• Yes, chemopapain, its still used in Europe, and sometimes by Dr. Yeung in DISC.
  • The New York Knicks of the NBA have a young kid who had a discectomy last year and he is having a terrific season. It's probably like everything else: The younger and better shape you are in, the better your chance of having a good recovery is. :)
  • dilaurodilauro ConnecticutPosts: 9,874
    The Younger you are and the Better overall shape you are in, the quicker you should recovery and the quicker you can return to some of the activities you did before.

    Now of course that is not always true.

    Thats why many times where I read a post about a young person having surgery, I look at that in two ways.

    1. Being young, they should have a better time recovering.
    2. They need to adhere to all limitations and restrictions, so that later on in life, they may not have to suffer to the degree that many do
    Ron DiLauro Spine-Health System Administrator
    I am not a medical professional. I comment on personal experiences
    You can email me at: rdilauro@veritashealth.com
  • With Ron, just because you can do something does not always mean you should! The dollars, the egos involved with pro sports and the condition of their bodies at the time of these accidents and surgery all come into play.

    Move ahead 20-30 years and many of these ex players are near cripples from stubbornly continuing on. Jerome Bettis did a long interview when he retired from NFL, during it he explained that he actually has days he can barely walk up and down the stairs at his home! during training season the team doctors, adrenaline and shear determination kept him going the last few years. He said he finally retired for fear that he would end up not able to walk at all!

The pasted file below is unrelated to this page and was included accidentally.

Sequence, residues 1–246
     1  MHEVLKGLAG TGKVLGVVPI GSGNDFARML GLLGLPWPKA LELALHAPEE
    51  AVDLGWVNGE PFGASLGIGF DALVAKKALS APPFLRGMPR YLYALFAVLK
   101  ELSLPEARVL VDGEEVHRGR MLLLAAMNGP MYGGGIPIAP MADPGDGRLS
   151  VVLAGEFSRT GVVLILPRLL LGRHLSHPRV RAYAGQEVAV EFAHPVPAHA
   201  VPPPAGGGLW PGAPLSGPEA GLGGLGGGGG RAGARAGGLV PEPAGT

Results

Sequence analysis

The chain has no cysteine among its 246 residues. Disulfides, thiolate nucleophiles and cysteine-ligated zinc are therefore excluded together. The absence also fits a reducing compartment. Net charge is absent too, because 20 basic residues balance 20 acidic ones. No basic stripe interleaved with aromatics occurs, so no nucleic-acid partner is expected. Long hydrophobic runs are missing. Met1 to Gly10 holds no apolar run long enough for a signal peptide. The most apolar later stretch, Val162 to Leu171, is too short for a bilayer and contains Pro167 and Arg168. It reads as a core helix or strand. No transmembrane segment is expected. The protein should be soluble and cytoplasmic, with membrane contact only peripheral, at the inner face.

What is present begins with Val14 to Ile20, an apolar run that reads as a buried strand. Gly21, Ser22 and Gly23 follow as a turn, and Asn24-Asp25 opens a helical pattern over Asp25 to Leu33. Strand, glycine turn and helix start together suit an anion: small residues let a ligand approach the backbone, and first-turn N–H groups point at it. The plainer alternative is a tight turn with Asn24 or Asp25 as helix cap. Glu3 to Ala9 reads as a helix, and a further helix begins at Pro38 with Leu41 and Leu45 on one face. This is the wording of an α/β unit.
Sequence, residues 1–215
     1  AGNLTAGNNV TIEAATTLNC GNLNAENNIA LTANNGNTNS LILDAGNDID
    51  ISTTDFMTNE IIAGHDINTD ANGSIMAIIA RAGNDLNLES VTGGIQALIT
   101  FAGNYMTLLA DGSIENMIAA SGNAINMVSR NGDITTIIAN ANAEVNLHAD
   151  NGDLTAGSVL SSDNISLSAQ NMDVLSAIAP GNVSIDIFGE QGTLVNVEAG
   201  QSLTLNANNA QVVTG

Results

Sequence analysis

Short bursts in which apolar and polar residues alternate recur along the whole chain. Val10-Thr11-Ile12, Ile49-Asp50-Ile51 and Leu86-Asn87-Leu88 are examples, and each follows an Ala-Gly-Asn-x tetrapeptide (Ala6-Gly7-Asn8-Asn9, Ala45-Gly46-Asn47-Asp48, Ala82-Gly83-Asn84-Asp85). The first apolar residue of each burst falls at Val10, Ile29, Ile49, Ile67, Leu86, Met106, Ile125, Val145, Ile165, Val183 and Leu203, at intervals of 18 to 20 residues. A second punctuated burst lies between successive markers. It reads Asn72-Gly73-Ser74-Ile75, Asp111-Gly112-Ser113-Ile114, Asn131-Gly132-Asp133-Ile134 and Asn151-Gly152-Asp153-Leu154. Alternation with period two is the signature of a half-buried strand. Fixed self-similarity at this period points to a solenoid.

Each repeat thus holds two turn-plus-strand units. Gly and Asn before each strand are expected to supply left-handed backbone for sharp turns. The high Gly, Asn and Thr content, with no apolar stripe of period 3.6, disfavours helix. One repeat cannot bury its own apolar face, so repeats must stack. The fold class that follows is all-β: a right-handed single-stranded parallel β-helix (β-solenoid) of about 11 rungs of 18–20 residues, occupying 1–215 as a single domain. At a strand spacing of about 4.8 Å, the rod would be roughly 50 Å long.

The concussion issue is slowly getting recognized as something to not be ignored. A player on my sons high school Lacrosse team suffered several, I forget the exact number, but it was more than 3! Anyway he was offered a full ride scholarship at a division one school. The school withdrew the offer when they got his medical records. They still offered him a decent scholarship, but he was talked to by the teams doctor who told him it would be in his best interest to not play lacrosse or any contact sport in the future.
  • dilaurodilauro ConnecticutPosts: 9,874
    In Pro Sports everything is focused on winning and becoming the best. That is much more important than an individual's personal welfare. Sacramento the person for the team! Scary but true. There are so many Jerome Bettis around, unfortunately there are many like Lyle Alzado.

    I know just for myself playing High School football in the late 60's There was no such thing as conditioning. I remember our coaches telling us to go into the weight room daily, use as much weights as possible and repeat it as often as you can!
    And head to head tackling was promoted. My one coach always said the best way to stop someone is to drill your head into theirs. I did, more times than I should have. Several times, I dropped to the ground numb in my arms and hands. In the rhree years of playing varsity football, I had 5 concussions.

    So, I do know that some of the actions had a direct impact on my spinal problems... And I can use the concussions as an excuse for being a bit crazy.
    Ron DiLauro Spine-Health System Administrator
    I am not a medical professional. I comment on personal experiences
    You can email me at: rdilauro@veritashealth.com